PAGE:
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Brothers Deli in Lynn has been giving away turkey dinners for 25 years

Thanksgiving at Brothers

George Markos, owner of Brothers Deli, right, smiles as he talks with Al Wilson.

(Photo by Spenser R. Hasak)

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Thanksgiving at Brothers

Patrons line up for a free Thanksgiving meal at Brothers Deli.

(Photo by Spenser R. Hasak)

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Thanksgiving at Brothers

Ronald Spraglin of Lynn enjoys his Thanksgiving meal at Brothers Deli.

(Photo by Spenser R. Hasak)

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Thanksgiving at Brothers

Anastasia Ward, 9, of Reading waits to serve squash to the customers at Brothers Deli.

(Photo by Spenser R. Hasak)

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Thanksgiving at Brothers

George Markos, owner of Brothers Deli in Lynn, smiles as he stands with Evangeline Arbogast of Lynn.

(Photo by Spenser R. Hasak)

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Thanksgiving at Brothers

George Markos and U.S. Representative Seth Moulton serve free turkey dinners at Brothers in Lynn.

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LYNN — You can’t spend long sitting with George Markos on a Thanksgiving morning before someone swings by to say “thank you.” Most proffer a handshake and a smile. Others marvel at the number of volunteers working behind the counter of his restaurant, Brothers Deli, serving hundreds of free turkey dinners to those who walk in during the blustery Thursday holiday.

Jerome Sanfacon took it a step further, and sat down across from George.

“I’m still practicing Greek a little bit,” he said before tucking into the gravy-covered turkey, mashed potatoes, and squash on his plate.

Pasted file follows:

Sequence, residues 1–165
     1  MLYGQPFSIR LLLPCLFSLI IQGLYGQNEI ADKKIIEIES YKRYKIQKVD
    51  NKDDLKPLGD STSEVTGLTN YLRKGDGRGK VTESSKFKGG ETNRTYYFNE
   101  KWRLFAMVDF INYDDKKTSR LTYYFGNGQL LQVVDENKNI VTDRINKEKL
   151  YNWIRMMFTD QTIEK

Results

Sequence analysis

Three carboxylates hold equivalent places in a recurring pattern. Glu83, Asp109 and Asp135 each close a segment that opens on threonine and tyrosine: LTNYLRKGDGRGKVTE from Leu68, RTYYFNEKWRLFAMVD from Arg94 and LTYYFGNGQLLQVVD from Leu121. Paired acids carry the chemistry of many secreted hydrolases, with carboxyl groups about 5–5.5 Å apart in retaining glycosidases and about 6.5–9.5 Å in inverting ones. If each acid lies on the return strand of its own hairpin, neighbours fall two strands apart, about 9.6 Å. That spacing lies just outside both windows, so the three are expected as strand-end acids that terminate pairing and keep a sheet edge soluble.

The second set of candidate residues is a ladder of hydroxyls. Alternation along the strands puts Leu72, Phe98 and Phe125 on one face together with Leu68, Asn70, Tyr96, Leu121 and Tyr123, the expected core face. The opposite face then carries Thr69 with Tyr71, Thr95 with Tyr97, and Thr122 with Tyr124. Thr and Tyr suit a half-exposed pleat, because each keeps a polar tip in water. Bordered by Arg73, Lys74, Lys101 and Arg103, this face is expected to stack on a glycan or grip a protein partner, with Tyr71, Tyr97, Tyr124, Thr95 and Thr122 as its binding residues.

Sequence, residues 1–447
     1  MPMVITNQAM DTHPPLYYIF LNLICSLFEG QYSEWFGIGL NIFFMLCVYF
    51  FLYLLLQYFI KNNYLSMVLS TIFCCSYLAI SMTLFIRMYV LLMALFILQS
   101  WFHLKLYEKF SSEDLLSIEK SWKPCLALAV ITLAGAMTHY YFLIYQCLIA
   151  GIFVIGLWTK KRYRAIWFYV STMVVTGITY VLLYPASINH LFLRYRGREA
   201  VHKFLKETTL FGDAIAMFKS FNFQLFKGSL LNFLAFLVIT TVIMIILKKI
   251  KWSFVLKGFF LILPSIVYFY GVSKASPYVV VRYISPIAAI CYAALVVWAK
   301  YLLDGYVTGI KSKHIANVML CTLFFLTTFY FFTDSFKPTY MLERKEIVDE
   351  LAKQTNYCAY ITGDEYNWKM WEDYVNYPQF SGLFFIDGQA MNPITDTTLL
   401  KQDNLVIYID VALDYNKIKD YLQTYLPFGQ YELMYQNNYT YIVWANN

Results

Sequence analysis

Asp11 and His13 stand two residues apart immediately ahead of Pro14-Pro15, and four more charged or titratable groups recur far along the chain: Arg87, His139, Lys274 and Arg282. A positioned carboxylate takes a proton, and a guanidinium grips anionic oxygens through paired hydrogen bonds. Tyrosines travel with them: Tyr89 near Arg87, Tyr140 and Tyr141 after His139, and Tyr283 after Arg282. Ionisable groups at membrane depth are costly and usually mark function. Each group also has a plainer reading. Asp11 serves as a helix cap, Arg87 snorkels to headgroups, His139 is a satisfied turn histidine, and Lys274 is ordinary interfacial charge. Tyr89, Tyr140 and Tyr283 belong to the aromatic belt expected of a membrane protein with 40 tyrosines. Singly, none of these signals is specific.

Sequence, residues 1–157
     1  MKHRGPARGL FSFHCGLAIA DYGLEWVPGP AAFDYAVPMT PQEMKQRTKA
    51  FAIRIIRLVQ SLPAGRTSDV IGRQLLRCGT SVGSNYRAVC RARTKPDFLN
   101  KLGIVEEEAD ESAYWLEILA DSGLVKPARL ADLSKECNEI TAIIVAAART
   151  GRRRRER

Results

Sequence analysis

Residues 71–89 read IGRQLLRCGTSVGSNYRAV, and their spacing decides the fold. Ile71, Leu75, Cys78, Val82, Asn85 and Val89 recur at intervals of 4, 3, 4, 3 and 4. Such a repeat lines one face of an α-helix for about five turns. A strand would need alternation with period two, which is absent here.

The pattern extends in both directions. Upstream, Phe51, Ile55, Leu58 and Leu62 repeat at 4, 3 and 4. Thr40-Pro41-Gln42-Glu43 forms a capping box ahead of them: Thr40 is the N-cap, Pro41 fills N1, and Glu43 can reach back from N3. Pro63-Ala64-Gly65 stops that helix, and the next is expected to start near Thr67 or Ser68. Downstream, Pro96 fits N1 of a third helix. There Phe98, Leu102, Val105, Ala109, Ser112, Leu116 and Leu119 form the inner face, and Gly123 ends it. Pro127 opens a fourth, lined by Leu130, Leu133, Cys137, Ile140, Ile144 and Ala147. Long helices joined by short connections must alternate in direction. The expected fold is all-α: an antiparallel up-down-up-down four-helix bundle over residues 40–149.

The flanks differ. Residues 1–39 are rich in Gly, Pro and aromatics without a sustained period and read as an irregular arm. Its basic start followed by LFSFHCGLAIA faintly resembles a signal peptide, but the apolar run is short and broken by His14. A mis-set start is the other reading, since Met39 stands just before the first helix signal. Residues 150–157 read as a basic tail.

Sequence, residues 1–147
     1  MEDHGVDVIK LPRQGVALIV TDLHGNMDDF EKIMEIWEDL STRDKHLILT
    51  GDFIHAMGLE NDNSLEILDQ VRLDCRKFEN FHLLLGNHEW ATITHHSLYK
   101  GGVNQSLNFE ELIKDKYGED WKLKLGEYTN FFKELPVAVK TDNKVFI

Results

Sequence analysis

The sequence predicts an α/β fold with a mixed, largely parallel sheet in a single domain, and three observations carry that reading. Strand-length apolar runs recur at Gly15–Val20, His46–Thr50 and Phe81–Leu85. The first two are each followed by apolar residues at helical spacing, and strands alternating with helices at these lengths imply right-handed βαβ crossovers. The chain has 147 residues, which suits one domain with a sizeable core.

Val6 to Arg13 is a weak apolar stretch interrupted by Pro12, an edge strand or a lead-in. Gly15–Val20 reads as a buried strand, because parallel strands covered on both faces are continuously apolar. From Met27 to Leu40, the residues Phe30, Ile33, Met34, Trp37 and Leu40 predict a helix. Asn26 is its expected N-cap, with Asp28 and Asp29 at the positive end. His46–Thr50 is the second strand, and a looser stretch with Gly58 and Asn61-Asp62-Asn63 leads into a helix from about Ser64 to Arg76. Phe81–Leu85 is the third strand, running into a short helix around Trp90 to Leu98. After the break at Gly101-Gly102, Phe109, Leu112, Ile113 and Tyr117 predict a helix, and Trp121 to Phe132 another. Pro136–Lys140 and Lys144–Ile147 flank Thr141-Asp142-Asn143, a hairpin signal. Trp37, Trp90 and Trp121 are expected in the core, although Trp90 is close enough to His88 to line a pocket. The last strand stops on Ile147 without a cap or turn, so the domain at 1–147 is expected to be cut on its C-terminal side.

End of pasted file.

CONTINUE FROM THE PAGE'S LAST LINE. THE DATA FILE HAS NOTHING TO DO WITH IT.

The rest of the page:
George smiled, and the two exchanged short pleasantries in his native tongue.

“These people here, they are not customers today,” George said of the people dining all around him. “They are not strange people. They are all a part of us. On one day, we all get together and celebrate a beautiful day.”

It’s been this way for 25 years. George started the annual tradition in 1993, the year his father died, according to his wife, Eva.

“He decided that for Thanksgiving, from now on, (we) would feed anyone who wanted to come,” she said. “It was for whoever didn’t have anywhere else to go. We have regular customers who come in and eat because they don’t have other company. And they thank us because they would be home alone.”

For Eva, who lost her father, George Koukounaris, earlier this year, the celebration is bittersweet. Koukounaris was a legendary figure in Lynn, having built several projects, including the Market Street plaza where Brothers is located.

“It’s a great city. My dad did a lot of real estate in this city,” she said. “He loved this city, and we love this city. We love Lynn.”

The deli is full, but the line never reaches very far beyond the front door. Like magic, a table seems to open up just as a guest walks into the dining room with a heaping plate. More volunteers, younger than the ones working the service line, swarm to clean tables before the departing diner ever gets a foot on the parking lot outside.

Another volunteer drops by the table to greet George.

“What can I say about George? He’s phenomenal,” said Cesar Archilla, a Malden District Court judge. “He’s completely selfless. And he does it all the time. It’s a continuous thing for years.”

For weeks prior to Thanksgiving, Brothers has been prepping turkey dinners and distributing them to groups across the city. Over the years George reckons he’s served more than 50,000 plates to Lynners looking for a meal.

“The last two weeks we did about 550-600 plates to other organizations that we gave away,” George said. “And you figure today we’ll do about 700 plates.”

Another volunteer walks in and comes to the table. It’s U.S. Representative Seth Moulton, who has made a quick turn serving at Brothers part of his own Thanksgiving tradition.

“I’m very good at carving turkey because they taught me,” Moulton said.

As the clock crept toward 11 a.m., George admitted he’d been awake since Wednesday morning, working a full day at the restaurant and then staying overnight to be with the volunteers who helped prep a thousand pounds of potatoes and vegetables, and dozens of turkeys. He won’t get to bed before 7:30 p.m.

“I stay awake with black coffee all day today,” he said.

“We have Thanksgiving without him, but we have Thanksgiving here,” Eva said. “My whole family comes through, and we clean after. My nieces and my sisters, when everybody leaves we do all the behind-the-scenes cleaning. So that’s how we spend Thanksgiving.”

Another interruption: a small, blond boy came to say goodbye to George. He’d been chipping in, helping to clear tables with the older volunteers, but it was time to go home.

“I might come here next year, OK?” he asked, his head barely clearing the table.

“Any time you want,” George said.

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